Saturday, February 26, 2011

The F word

No, my young children are luckily still not at the stage where they are bringing home curse words from school. Kindergarten is pretty tame, even in public school. We have another four-letter F word in our house. Hopefully blogger won't sensor me, but the word is FISH. Yes, last summer our attempts to get Toby to try supper (namely Salmon) had disastrous results. Our picky eater (aka Toby) needs, how shall I say it, a little "encouragement" to try new foods. I will not force him to eat (I know that's a no-no), but unless he tries a bite of supper I will not serve him anything else. If hunger outweighs his need to not try what on his plate he'll usually take the teeniest of bites, promptly making a face and claiming "I don't like it" before his tastebuds have had a chance to engage. I do at times feel like a bully using such underhanded tactics, but if we left it up to him he'd eat nothing but Kraft Dinner, Buns and Cheese. So last summer after making some lovely salmon fillets the same deal applied, one bite of salmon in exchange for the fruit of his choice. He wrestled with the decision. He cried that he didn't like it, that 1 gram serving portion of pink fish. And then he relented. Shortly after the theatrics, after the teeny morsel perched atop the fork entered his mouth I looked to my husband and said "his face is all blotchy, do you think he's allergic?". The nurse in me must have known better, but the mom-in-denial-who-has-another-son-who-loves-fish-so-much-that-he-has-tantrums-in-the-store-about-fish in me chose to believe my husband when he said "no, it's just because he's been crying". Fast forward a few weeks, salmon again at the request of Luke. It was basically a replay of that earlier night (and many other nights for that matter) except that this time the blotchiness was so obvious even a mother-in-denial couldn't deny it, and accompanied by complaints of his mouth hurting. CRAP! So one doctor visit later we ended up with an epipen and a referral to see an allergist. We avoided cooking fish, but my hubby and Luke LOVE to go fishing, so fishing still took place when we were camping.
It was fine as long as we didn't catch anything, until Toby touched the catch to see what his skin felt like, and got all blotchy again. Fast forward to fall, allergy testing. They testing every type of fish they had and his arm got big and red in every spot they tested. Oh well, he doesn't like fish anyways right? Well we heard the spiel, no cooking fish (the proteins get in the air), no going to restaurants where they are cooking fish or where there might be contamination, meaning no Red Lobster or Joey's (not great but I can live with that), and no Asian restaurants (WHAT?!?!). CRAP! I took home the pamphlet and read about "no caesar salads" (fine the kid won't eat salads) no barbeque or steak sauces that contain worchestershire (like the kid eats sauces, HA!). No gelatin, no marshmallows, blah, blah, blah. I packed "emergency snacks" for preschool just in case whoever's turn it was to bring snack decided on salmon canapes and life was fine. Until one day I made jello with some fruit juice. The boys had that, followed by some new yogurt they had begged for where you crush the container instead of using a spoon, followed by Toby becoming blotchy and his mouth feeling "funny". CRAP! The little voice in the back of my head said "wasn't there something you forgot about? Didn't you read something about gelatin being off limits?" I remembered reading something maybe about marshmallows and gelatin, because I remember being floored at the thought of our little marshmallow lover having to be cut off from the steady supply when he visits his grandparents and them I remembered filing the pamphlet away and forgetting that part. I blocked it out completely. Bedtime snack contained gelatin in both the jello (duh) and the yogurt. As do gummi candies, starburst, some skittles, and other assorted candies, AND MARSHMALLOWS. We amended the allergy information at preschool and Sunday school, called my parents and in-laws, threatening them to hide all marshmallows, and searched for an alternative to his favorite treats.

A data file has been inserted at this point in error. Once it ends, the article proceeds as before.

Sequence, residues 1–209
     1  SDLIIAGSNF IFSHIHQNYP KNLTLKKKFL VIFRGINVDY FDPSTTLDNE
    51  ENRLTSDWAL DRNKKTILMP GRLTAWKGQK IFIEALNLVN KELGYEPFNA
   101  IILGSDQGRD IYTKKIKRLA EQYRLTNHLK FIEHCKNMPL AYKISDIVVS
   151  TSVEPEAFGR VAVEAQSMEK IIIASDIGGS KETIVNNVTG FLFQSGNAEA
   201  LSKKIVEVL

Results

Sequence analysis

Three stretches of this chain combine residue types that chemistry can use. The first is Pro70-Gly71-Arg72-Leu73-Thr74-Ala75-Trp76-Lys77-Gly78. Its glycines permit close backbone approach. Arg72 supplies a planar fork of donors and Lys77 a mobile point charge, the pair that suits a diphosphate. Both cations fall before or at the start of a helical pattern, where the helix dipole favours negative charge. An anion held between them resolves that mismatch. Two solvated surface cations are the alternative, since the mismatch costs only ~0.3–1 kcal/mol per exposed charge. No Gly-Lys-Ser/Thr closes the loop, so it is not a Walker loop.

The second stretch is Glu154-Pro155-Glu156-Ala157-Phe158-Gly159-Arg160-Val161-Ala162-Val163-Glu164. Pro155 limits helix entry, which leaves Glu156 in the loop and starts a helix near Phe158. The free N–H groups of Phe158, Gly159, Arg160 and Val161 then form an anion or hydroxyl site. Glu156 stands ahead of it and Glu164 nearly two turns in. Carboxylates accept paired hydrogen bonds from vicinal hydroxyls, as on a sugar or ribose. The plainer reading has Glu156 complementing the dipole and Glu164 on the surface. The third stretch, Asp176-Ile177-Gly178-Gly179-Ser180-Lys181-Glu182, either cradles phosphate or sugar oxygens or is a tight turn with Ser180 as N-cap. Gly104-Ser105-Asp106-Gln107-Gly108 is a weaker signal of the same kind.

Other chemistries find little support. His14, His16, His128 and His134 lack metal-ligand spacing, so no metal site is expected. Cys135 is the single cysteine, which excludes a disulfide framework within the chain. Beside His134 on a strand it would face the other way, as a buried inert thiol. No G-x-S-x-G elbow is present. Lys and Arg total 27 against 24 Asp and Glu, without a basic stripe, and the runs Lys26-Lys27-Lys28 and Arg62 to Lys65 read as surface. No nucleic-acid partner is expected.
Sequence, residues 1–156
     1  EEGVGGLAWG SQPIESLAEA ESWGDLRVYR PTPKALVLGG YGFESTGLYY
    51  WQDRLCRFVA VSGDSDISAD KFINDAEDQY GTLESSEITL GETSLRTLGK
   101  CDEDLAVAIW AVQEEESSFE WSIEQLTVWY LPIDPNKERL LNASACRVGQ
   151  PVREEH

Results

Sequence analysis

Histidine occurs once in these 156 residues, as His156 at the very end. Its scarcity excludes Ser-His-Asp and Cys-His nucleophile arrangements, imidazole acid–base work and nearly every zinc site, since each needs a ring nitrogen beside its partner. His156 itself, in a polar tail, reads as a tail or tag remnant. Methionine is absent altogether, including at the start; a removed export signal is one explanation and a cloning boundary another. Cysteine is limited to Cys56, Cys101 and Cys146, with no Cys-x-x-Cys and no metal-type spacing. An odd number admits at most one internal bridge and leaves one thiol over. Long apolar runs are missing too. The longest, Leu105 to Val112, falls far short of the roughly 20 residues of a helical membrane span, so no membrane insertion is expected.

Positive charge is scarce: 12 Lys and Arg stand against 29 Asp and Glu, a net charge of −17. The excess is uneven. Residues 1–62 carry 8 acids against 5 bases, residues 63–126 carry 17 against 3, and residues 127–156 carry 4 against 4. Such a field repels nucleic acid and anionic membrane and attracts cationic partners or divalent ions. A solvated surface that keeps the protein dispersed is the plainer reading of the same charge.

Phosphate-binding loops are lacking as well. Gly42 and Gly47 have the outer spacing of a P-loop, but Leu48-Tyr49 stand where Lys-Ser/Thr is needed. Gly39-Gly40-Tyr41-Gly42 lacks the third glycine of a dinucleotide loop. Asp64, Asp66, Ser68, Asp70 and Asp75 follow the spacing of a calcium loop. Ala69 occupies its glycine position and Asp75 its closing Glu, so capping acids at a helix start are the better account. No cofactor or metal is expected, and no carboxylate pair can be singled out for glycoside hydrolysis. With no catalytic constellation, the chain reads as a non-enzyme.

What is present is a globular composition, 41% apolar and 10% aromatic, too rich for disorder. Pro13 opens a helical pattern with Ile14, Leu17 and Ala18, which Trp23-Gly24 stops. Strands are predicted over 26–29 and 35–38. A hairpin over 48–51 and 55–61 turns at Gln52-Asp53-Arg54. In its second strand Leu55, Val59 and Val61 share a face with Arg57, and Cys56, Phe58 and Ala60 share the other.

I was puzzled when Toby brought home a small paper bag from Sunday school filled with a paper loaf of bread and nothing else. Until I read the accompanying colouring page which talked about how Jesus feed the 5000 with a boy's lunch of bread and fish. Then I almost peed myself laughing because Toby had refused to colour or bring home the paper fish, because he's allergic.
Fast forward to last month. Birthday season in our house. My time of year to pretend like I really am Supermom and can whip up whatever cake is requested. Last year I learned about the pleasures of fondant, my #6 reason for being happy, and my fondant recipe contains marshmallows. CRAP!
Luke's Transformer's Cake
We'd bought some vegan marshmallows, and I must say they were delicious, but in order to make them into fondant for two cakes, we'd have to re-mortgage the house. I looked at the boxes of store-bought fondant in Michael's , reading that they had no gelatin, but knowing that they also had no taste. I searched recipes, but depending on the country that posted the recipe, the word fondant can mean a number of things. I ended up calling Kraft's toll free number and to my pleasure, their marshmallows are made only with pork gelatin, not fish. YAY!

Toby's choice: Mr. Tickle cake for the joint family party.
Now don't get me wrong, I'm SO thankful that TOBY is allergic to fish instead of nuts, wheat, milk, eggs, and a number of other things that would make like pretty miserable, but I sure do miss pickerel.

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